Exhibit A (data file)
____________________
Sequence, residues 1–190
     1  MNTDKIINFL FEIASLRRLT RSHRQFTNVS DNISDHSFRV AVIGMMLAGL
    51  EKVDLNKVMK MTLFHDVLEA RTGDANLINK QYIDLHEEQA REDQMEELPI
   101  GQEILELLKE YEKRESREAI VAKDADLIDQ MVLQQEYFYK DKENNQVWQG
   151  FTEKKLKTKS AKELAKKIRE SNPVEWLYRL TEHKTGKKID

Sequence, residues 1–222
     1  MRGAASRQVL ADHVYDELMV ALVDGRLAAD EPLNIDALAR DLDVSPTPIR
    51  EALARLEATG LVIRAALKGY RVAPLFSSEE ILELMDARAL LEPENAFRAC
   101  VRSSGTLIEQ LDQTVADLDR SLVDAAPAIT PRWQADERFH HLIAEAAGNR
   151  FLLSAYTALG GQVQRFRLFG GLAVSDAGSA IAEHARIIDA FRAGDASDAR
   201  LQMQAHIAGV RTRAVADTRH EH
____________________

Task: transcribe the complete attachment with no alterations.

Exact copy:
Sequence, residues 1–190
     1  MNTDKIINFL FEIASLRRLT RSHRQFTNVS DNISDHSFRV AVIGMMLAGL
    51  EKVDLNKVMK MTLFHDVLEA RTGDANLINK QYIDLHEEQA REDQMEELPI
   101  GQEILELLKE YEKRESREAI VAKDADLIDQ MVLQQEYFYK DKENNQVWQG
   151  FTEKKLKTKS AKELAKKIRE SNPVEWLYRL TEHKTGKKID

Sequence, residues 1–222
     1  MRGAASRQVL ADHVYDELMV ALVDGRLAAD EPLNIDALAR DLDVSPTPIR
    51  EALARLEATG LVIRAALKGY RVAPLFSSEE ILELMDARAL LEPENAFRAC
   101  VRSSGTLIEQ LDQTVADLDR SLVDAAPAIT PRWQADERFH HLIAEAAGNR
   151  FLLSAYTALG GQVQRFRLFG GLAVSDAGSA IAEHARIIDA FRAGDASDAR
   201  LQMQAHIAGV RTRAVADTRH EH